Hell hath no fury like a woman scorned.

That too a woman with an Empire at her feet.

With the advantage of hindsight all of us like to think about what ifs. And historical writers thrive on that. Whether Mughal history would’ve taken a different course will always remain a question and we have to satisfy that curiosity through novels like The Feast Of Roses.

I like that Indu Sundaresan made Mehrunnisa’s character so easy to hate yet so difficult to disrespect. By accident I had read the sequel to this book before reading this one, and in the sequel she’s a villain. So naturally I thought of Nur Jahan negatively. In my mind, a character can be either negative or positive; not both. So when I started reading The Feast Of Roses after its sequel, and realized that Nur Jahan was the protagonist, I almost had existential crisis! I mean, I had to now look at a villain as a hero. Then again, that’s what makes it real.

A friend recently asked if I thought people are born good/bad. I think Mehrunnisa’s life, as narrated in The Feast Of Roses, is an answer itself. I think people are born with tendencies, thanks to their genes. The environment that they grow up in, including the ideas, concepts, and behaviors forced on them by parents/guardians/family, helps them form definitions of good/bad, moral/immoral, normal/abnormal, etc… What we ignore is that these concepts are subjective. When we look at another person and judge their action as good or bad, we’re judging them not based on a universal definition of good/bad; we judge them on our definition of good/bad. Which is what happened in Mehrunnisa’s life. A woman holding so much power was considered ‘wrong’ by people of that era because by their definition, a woman’s place was in the harem and her sole purpose was to produce heirs. In history you will see time and again that women who dared to wield power have been called all sorts of names – Witch, She-wolf, Bloody Mary. Rarely do these women get their due recognition because the succeeding Kings have erased their names from official court documents.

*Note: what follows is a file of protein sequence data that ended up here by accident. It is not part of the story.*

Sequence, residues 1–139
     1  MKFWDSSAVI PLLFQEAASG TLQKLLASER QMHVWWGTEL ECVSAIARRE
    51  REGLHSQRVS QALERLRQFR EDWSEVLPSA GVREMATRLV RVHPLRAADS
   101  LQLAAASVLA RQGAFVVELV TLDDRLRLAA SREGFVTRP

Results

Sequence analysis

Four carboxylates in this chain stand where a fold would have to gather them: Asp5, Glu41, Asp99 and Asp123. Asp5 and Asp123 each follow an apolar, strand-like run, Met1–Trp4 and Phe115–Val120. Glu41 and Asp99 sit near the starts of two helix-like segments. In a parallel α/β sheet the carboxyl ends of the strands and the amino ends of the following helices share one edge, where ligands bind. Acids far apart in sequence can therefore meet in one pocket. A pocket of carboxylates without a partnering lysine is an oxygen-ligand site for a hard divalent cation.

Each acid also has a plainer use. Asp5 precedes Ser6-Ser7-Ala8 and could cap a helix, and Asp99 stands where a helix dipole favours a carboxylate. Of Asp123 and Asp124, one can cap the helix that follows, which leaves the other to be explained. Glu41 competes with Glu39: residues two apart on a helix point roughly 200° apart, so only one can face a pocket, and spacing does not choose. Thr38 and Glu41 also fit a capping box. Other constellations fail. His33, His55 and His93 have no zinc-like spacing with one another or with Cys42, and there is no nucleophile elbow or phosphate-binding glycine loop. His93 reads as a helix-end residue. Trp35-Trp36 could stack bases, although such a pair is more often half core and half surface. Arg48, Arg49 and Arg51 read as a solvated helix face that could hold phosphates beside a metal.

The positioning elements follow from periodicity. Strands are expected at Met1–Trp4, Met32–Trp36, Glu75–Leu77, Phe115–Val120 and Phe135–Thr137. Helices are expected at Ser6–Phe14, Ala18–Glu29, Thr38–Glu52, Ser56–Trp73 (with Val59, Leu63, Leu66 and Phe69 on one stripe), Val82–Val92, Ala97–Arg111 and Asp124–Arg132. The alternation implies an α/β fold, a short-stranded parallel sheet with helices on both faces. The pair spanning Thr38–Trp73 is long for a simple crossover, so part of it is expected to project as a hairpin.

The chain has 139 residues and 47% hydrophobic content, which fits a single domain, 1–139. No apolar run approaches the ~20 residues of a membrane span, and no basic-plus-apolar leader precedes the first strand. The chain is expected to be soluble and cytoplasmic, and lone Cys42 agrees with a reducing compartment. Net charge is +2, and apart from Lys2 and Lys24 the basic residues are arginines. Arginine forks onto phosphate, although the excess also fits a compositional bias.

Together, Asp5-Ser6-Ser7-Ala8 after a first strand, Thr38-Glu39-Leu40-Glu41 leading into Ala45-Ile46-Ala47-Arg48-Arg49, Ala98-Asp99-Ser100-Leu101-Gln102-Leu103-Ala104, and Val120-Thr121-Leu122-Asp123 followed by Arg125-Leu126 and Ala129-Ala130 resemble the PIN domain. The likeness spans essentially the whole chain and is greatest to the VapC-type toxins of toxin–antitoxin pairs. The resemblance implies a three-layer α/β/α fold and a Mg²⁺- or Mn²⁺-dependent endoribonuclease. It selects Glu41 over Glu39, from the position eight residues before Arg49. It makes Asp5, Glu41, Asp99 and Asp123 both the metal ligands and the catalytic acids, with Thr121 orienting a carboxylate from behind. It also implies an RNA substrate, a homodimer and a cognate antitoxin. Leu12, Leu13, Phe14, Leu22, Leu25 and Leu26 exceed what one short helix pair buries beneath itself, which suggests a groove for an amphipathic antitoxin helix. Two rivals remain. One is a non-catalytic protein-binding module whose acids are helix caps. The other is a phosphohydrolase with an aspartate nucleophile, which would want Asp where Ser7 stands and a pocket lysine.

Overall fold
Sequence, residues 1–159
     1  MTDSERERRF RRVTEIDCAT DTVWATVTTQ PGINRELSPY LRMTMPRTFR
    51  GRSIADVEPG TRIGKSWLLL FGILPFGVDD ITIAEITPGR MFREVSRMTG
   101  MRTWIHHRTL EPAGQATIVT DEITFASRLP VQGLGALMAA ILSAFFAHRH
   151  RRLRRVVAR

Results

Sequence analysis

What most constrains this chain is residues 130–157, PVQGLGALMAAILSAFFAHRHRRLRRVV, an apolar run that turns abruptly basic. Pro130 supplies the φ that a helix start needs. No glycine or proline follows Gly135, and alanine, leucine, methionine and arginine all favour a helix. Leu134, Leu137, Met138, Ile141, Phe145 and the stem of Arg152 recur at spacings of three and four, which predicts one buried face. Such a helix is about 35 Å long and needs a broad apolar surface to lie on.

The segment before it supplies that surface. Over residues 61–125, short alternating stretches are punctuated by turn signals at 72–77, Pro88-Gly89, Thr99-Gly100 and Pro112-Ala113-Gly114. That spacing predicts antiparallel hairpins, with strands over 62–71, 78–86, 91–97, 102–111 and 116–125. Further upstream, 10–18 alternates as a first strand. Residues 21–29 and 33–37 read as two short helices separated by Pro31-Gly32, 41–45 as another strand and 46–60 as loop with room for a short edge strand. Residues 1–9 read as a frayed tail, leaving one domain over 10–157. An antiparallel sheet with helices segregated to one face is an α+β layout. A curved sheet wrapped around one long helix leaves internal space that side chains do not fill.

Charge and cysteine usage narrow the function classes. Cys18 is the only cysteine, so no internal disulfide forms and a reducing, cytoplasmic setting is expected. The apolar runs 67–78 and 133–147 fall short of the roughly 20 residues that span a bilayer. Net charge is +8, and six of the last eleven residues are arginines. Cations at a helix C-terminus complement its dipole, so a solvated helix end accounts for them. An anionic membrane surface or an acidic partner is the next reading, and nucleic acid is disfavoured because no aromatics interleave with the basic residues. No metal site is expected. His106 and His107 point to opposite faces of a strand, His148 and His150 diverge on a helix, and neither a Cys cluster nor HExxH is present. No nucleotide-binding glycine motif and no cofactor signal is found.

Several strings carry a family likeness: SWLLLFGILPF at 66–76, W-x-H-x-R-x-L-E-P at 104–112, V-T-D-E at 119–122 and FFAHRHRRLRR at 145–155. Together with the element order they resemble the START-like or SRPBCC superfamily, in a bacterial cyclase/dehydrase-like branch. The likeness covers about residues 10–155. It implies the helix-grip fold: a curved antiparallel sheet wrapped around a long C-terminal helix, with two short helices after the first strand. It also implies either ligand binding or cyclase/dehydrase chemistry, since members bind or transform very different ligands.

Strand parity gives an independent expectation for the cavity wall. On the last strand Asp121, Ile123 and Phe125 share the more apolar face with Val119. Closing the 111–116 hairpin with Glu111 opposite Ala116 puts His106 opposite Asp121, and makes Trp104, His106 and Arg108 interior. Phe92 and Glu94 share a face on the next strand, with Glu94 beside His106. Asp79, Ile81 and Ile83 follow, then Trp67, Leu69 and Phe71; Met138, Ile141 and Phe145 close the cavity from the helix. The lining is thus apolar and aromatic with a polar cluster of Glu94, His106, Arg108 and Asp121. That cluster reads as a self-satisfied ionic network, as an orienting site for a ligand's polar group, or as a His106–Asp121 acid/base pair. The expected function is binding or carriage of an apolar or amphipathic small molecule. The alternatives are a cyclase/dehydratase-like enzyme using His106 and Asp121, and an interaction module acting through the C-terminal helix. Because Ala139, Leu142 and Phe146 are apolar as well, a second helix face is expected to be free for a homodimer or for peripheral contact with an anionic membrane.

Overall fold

Want to know how Nur Jahan’s contribution was forgotten?

The Taj Mahal was built.

Image: Indu Sundaresan website
Image: Indu Sundaresan website
Nur Jahan Tomb
Nur Jahan’s tomb in Pakistan
Image courtesy: http://jothijeyasingam.blogspot.in/
Advertisements

One Comment Add yours

  1. badfish says:

    See, I found you here…from my email account. But when you comment, that takes me to your other (private) account.
    This is very interesting blog post. Let’s you realize how powerful a woman can be..

    Like

Leave a Reply

Fill in your details below or click an icon to log in:

WordPress.com Logo

You are commenting using your WordPress.com account. Log Out / Change )

Twitter picture

You are commenting using your Twitter account. Log Out / Change )

Facebook photo

You are commenting using your Facebook account. Log Out / Change )

Google+ photo

You are commenting using your Google+ account. Log Out / Change )

Connecting to %s